Unsurprisingly, the news of Jason Horne-Francis opting to hold off on contract negotiations with North Melbourne has given ammunition to the mob targeting for the Kangaroos and the alleged ineptitude of the club both on-field and off.
I’ve also seen the story emerge of David Noble giving the Kangaroos’ players a spray following their efforts against Brisbane back in Round Three, with that his outburst was negatively received by a few of the playing group.
Long gone are the days of the coaches handing out sprays on a consistent basis, but given how North played that night at the Gabba, I think a spray was warranted. They were listless; -42 in contested possessions, +25 in turnovers, nearly -60 in uncontested possessions, -38 in inside 50 entries, and 41 scoring shots to 13 – it’s a damn miracle that it was only an 18-goal differential.
Noble apologised for it a few days later. Maybe it’s a bit old-school, but what’s the point of coaching if you can’t get a rev up from the players, particularly after an insipid effort such as their game against Brisbane?
If the reports are true and that he’s battling to keep the players onside with him, then North are cooked as a club.
Yes, we live in different times as opposed to 20 years ago when every coach is used getting angry to fire up his charges, but to say that the players are ‘emotional’ after a spray, then it’s just another feather in the cap of those who argue that the game has gone too soft.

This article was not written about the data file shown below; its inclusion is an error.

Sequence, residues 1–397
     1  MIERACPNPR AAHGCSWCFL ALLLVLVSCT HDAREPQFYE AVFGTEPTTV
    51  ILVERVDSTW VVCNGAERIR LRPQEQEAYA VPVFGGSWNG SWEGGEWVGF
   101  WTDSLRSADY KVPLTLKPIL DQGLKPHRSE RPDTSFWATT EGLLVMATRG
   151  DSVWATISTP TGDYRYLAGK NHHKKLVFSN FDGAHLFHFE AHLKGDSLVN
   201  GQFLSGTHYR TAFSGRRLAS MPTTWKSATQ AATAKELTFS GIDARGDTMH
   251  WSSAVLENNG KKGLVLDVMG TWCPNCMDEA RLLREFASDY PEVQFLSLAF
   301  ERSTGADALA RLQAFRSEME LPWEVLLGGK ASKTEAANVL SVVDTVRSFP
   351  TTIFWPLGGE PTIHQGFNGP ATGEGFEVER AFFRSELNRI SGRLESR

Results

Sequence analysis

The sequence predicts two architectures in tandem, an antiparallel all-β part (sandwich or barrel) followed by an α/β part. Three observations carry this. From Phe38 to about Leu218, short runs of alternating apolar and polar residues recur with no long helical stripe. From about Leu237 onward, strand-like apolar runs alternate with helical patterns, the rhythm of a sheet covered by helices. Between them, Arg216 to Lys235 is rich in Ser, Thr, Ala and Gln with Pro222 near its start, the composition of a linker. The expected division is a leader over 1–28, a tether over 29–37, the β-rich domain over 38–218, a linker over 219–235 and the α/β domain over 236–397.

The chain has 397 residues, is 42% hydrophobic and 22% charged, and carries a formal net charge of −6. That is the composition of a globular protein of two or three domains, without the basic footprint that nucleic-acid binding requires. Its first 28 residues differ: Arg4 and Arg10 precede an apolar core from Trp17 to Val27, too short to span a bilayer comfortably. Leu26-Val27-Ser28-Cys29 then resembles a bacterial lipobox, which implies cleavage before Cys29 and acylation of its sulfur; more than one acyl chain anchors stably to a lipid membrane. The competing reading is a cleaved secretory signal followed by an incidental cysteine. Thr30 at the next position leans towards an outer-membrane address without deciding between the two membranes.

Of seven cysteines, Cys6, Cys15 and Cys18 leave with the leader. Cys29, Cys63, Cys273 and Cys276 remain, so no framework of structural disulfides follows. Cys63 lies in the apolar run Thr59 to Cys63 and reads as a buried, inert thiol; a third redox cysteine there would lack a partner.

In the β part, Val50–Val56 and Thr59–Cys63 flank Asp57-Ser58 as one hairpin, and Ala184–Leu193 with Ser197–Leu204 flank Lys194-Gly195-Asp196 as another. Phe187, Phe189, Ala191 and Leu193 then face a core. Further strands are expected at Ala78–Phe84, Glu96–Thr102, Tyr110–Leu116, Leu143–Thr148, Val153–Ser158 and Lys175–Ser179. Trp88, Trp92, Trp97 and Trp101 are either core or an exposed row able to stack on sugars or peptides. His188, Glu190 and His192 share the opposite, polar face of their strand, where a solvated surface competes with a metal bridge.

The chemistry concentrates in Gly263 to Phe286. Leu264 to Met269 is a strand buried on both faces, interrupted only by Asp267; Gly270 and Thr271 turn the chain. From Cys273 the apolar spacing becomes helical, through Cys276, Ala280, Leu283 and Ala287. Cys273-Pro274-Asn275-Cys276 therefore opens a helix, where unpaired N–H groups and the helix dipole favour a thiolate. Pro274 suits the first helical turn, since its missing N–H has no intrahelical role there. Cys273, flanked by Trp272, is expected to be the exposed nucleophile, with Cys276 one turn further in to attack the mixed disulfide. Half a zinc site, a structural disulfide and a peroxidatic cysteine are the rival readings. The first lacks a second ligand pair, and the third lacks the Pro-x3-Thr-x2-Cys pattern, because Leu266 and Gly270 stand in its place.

I’ve been handed sprays before, both as part of a group and as an individual, I reckon a lot of us who have played footy at one level or another have been handed down a few over the journey. Did I like it? You bet I didn’t. Was it a bit daunting? I’d be lying if I said it wasn’t. But I didn’t stand there and pout about it like a little child, thinking they have it out for me.
It’s all a part of football. Coaches are there to get the best out of players as consistently as they can – it’s a hard job and sometimes being blunt about how a player goes about it is exactly what is required.
Hell, if you were in his position and saw your team get destroyed by 100-plus points (we’re talking professional environment here) would you stand there and say to the team; ‘bad luck boys, we’ll get them next time?’ or would you call it how you saw it and say something along the lines of it being a pathetic effort and lay out some home truths?
This brings my attention to Jason Horne-Francis. Whilst the results will speak for themselves at the moment, and yes the club is struggling… it’s a basketcase… however you’d like to describe it – people are quick to jump on the wagon that he’s already fed up with North and looking to go home.
I’m not prepared to put my eggs in that basket yet. We are quick to forget that this is just an 18-year old who has just played his eighth career game in the big time.
It’s interesting to hear the media pundits make the claim that he will be North Melbourne’s best player by the end of the season. I think whoever manages the young man (think it’s Ben Williams last time I checked) would’ve heard that comment and told him to reach for the proverbial stars.